15. I decided to put the RN manifold project on hold so that I could get the car back on the road. Unfortunately, I'm not sure how long it'll be on hold. Seems like it may be a better idea to figure out a custom manifold setup with the combination of short runners and large(er) plenum. We'll see. Nonetheless, the P2R air box is in, battery relocated to the trunk, PCV system upgraded to 12AN hose.... and new cam hubs installed. I took the car out for a test drive last night and I'm happy to report no more flow restriction through the air box, like was the case with the 850 box. 👍 Still to do: work on the inlet adapter for the air box to accomodate the 3" hose from the bumper inlet.
    2 points
  16. Did the SCCA Track Night at Atlanta Motorsport Park last week.
    2 points
  17. After 12,5 years of ownership it was time to let her go. Bought something completely opposite. Didn’t want a 6 cilinder, dark exterior and tan interior…guess what I ended up with😄 T6 AWD ticking a lot of boxes. Missing the T5 grunt but overall it’s a nice substitute.
    2 points
  18. Totally agree ^ - i actually made an offer on a 15.5 xc70 t6 with every single option a few months ago now and glad i didnt get it - 98k miles 23k doll hairs. thats nuts. ill let someone else eat that crazy markup haha. this is why i sold my gti and only have the R. The kids rarely are with me or if they are we are all together in the xc90. im working from home mostly. I keep asking myself why do i have the R? to fucking drive it and enjoy it. fitting my dual exhaust xc bumper today on it and welding full 3" dual exhaust this weekend. want to get it like you said... where I can enjoy cleaning it not rebuilding every corner of it haha.
    2 points
  19. Alignment and AC all squared away.
    2 points
  20. Yeaaahh. And it’s not that I don’t have the physical time to do it since I go in the garage at night when everyone is in bed, but I found it taking up too much of my mental space. Times when I should be present but find myself thinking about what I need to do, order, etc. I’m ready to cool it for a bit.
    2 points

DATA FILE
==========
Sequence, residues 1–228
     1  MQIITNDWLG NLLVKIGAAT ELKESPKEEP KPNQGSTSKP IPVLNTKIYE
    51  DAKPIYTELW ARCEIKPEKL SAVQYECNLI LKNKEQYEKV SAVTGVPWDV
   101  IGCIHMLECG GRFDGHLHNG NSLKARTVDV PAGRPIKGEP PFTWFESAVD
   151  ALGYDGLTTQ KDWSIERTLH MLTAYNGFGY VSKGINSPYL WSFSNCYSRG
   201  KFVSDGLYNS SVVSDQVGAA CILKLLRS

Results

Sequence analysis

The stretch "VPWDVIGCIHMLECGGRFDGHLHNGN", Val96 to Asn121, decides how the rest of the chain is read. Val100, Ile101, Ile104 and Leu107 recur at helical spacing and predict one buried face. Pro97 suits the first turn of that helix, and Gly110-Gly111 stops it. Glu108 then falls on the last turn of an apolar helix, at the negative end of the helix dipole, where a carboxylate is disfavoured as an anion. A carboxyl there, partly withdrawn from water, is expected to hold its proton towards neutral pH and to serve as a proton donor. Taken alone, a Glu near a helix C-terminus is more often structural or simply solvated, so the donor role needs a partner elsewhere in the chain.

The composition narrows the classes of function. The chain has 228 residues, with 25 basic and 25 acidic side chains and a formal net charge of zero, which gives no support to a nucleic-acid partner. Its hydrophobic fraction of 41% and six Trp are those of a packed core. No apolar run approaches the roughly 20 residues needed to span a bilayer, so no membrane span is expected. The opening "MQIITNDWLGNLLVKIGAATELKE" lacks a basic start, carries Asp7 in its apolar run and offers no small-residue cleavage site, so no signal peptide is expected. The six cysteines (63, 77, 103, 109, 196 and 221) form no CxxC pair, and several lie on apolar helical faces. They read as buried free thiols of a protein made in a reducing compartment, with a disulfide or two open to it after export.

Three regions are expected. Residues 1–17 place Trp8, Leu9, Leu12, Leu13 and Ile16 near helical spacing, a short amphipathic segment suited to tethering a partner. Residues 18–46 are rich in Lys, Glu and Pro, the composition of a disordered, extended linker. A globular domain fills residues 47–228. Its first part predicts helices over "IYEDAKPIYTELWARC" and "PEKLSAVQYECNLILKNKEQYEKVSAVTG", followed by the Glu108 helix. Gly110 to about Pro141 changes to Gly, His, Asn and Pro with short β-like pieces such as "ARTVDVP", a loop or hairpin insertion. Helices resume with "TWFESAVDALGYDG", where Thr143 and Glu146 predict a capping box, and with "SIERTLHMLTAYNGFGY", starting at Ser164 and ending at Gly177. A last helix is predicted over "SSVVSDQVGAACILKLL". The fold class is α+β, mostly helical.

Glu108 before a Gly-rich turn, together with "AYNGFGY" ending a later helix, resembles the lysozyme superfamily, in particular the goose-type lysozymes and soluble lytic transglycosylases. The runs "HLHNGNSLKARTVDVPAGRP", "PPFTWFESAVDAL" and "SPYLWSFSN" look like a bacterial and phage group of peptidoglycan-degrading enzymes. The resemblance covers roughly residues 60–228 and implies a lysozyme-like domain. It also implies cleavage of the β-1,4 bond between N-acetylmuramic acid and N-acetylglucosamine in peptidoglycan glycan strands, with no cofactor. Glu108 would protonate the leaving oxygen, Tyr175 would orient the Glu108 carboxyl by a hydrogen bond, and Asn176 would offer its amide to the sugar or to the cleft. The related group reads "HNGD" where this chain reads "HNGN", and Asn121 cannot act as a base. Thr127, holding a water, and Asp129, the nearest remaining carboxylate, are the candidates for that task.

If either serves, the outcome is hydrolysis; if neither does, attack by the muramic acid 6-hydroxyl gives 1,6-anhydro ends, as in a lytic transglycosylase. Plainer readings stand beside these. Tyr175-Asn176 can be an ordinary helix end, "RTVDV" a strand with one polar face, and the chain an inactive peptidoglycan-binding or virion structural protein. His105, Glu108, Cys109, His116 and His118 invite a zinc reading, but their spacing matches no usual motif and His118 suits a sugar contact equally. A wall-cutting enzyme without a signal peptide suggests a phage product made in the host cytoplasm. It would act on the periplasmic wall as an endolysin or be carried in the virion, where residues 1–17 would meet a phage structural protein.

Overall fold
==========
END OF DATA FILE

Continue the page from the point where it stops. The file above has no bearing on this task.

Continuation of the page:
21. It's not like anyone didn't see this one coming. After some internal debates with myself and great conversation with one of my best friends who is solely responsible for my interest in cars, I've decided to scale back the time and energy I spend on cars and refocus that energy on my family. With that said, once the 850R is done and I drive it for a bit to make sure everything is OK, I'm going to list it for sale. I bought the car to fill a gap when the e30 was being worked on long term and I only had the XC70. It did its job and now it doesn't serve the same purpose for me. If you're interested or know anyone who might be interested, let me know. The bottom line is this car won't win any concourse awards, but nor should it. It's a driver that is in great shape, mechanically ready to go anywhere, and looks good doing it. Will also come with a set of OEM roof racks. I drove this last winter and on the coldest days it always started without hesitation. A run down of the maintenance I've done to it: Koni Strt shocks/struts Meyle HD control arms, ball joints, inner/outer tie rod ends, strut mounts, and spring seats Front and rear engine mounts, transmission torque mount, right side engine mount, IPD poly upper torque bushing, and firewall mount. New vacuum lines Rebuilt 15G turbo with new CBV New air filter IPD subframe bushing inserts New catback exhaust with suitcase muffler. No exhaust leaks and it's very quiet (in a good way, I think) Trunk struts Bosch ignition coil Bosch distributor cap and rotor New Bosch Copper spark plugs New battery Serpentine Belt OEM firewall heater hose pass through IPD/do88 silicone heater hoses OEM coolant hoses Intercooler hoses GROM blue tooth module New wiper blades Curt trailer hitch, Euro ball, and wiring. Rear trailing arm delta links The previous completed the following shortly before the sale (within a few hundred miles): Volvo OEM PCV system Alternator Starter Timing belt kit and water pump 302 brake rotors with rebuilt calipers and Bosch pads Front SS brake lines Radiator Cam Seals Heater Core (can confirm it looked very new) Coolant reservoir Cabin filter (it's clean) Front fender lines Serpentine Belt Tensioner Odometer gear New (used) ABS controller Volan wheels refinished (full Volan spare) Previous previous owner installed a strut bar, had the windows tinted, fuel pump, rear trailing arm bushings . It was also repainted at one point in its life. But they did a great job. There are no runs and when it's actually clean it looks fantastic. The carfax lists three accidents in its life: something from the rear (this was in 1998, so there's no info), a PS sideswipe (2005), and DS sideswap (2021). The DS sideswipe is when the lady rubbed her tires on the car that I had posted. Notes in the carfax say that airbags didn't deploy with any of the accidents. I've had the car on the lift and it pretty well taken apart and there's no evidence of anything to the frame. Still has original stickers and undercoating and everything. The not so greats: Little bit of rust on the bottom of the trunk lid where it meets the bumper. I've had it on all three of my 850s. Sunroof closes a little wonky sometimes and during HEAVY rains I've seen a couple drips coming in throuh the DS pillar - this is likely the drain tube has a small leak. The headlight wiper motors are disconnected. Don't know why, they just are. The DS seat has some wear. There aren't any rips, but the leather has some cracks. But the suede is in great shape. The other seats look great. Small dent in the rear PS door that could be removed with PDR.